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Brexit slowing down economic growth in the Netherlands

Published: 9 August 2016

The Dutch economy is projected to grow by 1.7% this year. Next year, this will be 1.6%, whereas last June, CPB Netherlands Bureau for Economic Policy Analysis predicted a 2.1% growth for 2017. The underlying recovery of the economy is progressing, but the uncertainty following the UK Brexit referendum, in the short term, will have negative effects on consumption and investments, as well as a negative impact on the world trade that is relevant for the Netherlands. The effect of this uncertainty is temporary. In addition to the impact of the Brexit referendum (-0.4 percentage points in 2017), the further reduction in Dutch natural gas production will also temper next year’s growth by 0.2 percentage point of GDP.

Unemployment is projected to stabilise next year (at 6.2%) and the government deficit will decrease (to 0.6% of GDP). Inflation in the Netherlands will remain very low, with 0% this year and 0.5% in 2017. Development in median household purchasing power will drop from 2.7% this year to 0.7% in 2017.  These results are published today in CPB’s interim projections which, so soon after the UK vote to leave the EU, are more uncertain than usual.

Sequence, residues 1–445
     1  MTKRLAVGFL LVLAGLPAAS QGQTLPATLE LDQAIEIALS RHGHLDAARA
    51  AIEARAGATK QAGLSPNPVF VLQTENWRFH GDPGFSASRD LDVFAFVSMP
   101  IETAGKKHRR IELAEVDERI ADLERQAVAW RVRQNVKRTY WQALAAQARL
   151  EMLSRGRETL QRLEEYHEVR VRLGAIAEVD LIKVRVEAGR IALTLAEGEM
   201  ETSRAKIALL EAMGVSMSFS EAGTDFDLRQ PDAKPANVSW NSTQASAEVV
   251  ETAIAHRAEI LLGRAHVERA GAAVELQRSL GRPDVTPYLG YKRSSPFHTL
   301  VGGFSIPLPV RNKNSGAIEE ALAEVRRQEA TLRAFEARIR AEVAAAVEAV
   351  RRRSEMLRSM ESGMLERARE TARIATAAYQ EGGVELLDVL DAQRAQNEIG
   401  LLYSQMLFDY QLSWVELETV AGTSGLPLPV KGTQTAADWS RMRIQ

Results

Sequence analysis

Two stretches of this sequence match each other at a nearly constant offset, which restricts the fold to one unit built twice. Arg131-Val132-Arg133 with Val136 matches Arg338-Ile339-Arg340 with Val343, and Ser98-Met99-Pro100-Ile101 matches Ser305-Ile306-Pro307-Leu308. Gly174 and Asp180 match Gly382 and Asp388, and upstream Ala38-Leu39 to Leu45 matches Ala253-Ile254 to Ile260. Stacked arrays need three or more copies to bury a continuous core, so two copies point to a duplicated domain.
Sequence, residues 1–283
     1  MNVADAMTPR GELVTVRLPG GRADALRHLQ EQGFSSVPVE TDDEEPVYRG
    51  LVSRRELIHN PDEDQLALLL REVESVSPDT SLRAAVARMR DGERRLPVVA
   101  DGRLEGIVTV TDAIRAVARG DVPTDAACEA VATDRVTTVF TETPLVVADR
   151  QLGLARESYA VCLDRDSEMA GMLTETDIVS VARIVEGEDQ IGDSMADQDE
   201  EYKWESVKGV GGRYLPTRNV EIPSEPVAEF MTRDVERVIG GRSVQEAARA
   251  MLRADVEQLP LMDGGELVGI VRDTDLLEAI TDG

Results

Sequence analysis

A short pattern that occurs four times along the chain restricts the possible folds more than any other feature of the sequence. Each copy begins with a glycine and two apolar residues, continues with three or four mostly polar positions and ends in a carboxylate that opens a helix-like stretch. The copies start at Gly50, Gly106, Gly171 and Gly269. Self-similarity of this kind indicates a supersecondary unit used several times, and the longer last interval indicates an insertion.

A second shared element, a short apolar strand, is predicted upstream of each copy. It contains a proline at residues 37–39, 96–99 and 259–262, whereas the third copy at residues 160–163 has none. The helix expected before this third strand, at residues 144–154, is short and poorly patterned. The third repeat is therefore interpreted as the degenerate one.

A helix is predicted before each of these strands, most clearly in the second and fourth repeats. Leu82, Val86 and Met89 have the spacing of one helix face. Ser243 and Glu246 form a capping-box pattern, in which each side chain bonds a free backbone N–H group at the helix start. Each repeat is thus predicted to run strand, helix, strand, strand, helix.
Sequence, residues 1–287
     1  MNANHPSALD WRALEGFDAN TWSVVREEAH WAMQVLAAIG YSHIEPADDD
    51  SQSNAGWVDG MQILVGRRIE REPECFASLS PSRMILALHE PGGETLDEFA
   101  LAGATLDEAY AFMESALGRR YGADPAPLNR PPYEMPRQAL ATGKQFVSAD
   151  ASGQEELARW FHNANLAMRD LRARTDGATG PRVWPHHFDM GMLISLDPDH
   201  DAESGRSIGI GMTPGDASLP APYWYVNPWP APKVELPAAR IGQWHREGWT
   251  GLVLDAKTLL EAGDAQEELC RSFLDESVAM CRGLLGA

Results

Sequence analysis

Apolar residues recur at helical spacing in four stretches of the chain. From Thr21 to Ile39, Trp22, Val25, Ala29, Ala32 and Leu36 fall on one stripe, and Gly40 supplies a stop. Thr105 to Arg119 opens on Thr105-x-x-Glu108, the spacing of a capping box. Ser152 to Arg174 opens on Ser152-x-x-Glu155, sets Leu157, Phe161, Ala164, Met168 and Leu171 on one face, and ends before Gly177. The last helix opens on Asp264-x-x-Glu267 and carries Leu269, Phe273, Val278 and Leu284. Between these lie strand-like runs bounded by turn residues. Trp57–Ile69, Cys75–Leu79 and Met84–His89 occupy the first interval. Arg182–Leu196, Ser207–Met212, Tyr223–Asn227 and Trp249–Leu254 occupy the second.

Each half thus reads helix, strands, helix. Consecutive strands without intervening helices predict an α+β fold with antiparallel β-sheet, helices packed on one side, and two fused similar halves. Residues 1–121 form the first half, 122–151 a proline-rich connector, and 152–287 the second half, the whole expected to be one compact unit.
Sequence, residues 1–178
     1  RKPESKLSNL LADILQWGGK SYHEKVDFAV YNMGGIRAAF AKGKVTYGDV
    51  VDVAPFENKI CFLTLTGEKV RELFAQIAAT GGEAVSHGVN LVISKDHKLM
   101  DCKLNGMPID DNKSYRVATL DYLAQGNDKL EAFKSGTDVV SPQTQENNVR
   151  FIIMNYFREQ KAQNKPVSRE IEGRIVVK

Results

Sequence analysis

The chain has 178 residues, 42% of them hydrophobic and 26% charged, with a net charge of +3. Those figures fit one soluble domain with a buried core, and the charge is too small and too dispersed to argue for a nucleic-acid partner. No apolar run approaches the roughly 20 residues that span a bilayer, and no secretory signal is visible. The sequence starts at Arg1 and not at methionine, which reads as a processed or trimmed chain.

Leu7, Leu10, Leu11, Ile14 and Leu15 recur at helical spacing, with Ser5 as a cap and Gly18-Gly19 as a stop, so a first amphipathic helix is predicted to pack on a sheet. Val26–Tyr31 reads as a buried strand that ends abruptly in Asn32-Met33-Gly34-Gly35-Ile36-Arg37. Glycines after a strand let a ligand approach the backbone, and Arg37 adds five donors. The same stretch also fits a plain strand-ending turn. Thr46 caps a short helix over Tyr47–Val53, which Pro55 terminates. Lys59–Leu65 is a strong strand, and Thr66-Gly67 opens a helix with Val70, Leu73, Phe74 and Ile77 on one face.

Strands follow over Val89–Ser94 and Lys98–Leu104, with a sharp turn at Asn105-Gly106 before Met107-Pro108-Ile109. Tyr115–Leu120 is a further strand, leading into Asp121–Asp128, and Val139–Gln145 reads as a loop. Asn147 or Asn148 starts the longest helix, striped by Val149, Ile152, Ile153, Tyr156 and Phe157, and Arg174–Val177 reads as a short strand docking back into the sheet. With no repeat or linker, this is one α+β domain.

International growth
Global economic growth will be limited, among other things due to the low growth in emerging economies. World trade is also projected to grow at a slow pace. The eurozone’s economic growth will be affected negatively by the Brexit vote, with expected growth levels of 1.6% this year and 1.5% for 2017. In combination with the decline in trade with the United Kingdom, this will lead to lower relevant world trade, causing next year’s growth in Dutch exports to slightly slow down.

Domestic consumption
This year, consumption growth is limited. Next year, consumption will benefit from the increase of real wages and positive developments on the housing market, while the Brexit vote will have a negative effect.  

The improving economy means that employment will grow, this year. Companies are expected to become a little more careful with hiring staff in the second half of this year, because of Brexit-related uncertainties. This causes next year’s growth in employment to taper off and unemployment to remain stable.

Government deficit
The government deficit will decrease from 1.2% this year to 0.6% next year. Tax revenues have been increasing rapidly, particularly those related to corporate income tax. The increase in government spending will remain moderate. The reduction in deficit in 2017 is in line with that mentioned in the Government Agreement of the Rutte-Asscher Cabinet. Figures include revenues from the announced phase-out of privately managed pension schemes (Pensioen in Eigen Beheer) for directors who are also large shareholders, and the revenues designated to additional government spending. The budget, as yet, is not in keeping with European fiscal rules on the structural balance and on government expenditures. 

Purchasing power
The reduced purchasing-power development projected for 2017 is mainly due to the disappearance of the positive effects of the 5 billion euros in burden reduction and a slightly increasing inflation under a steady increase in contract wages in the market sector. For the employed, purchasing power is projected to increase by 1.1% next year, and for benefit recipients and pensioners to decrease by 0.1% and 0.7%, respectively.   

Appendix: Questions and Answers for this projection.

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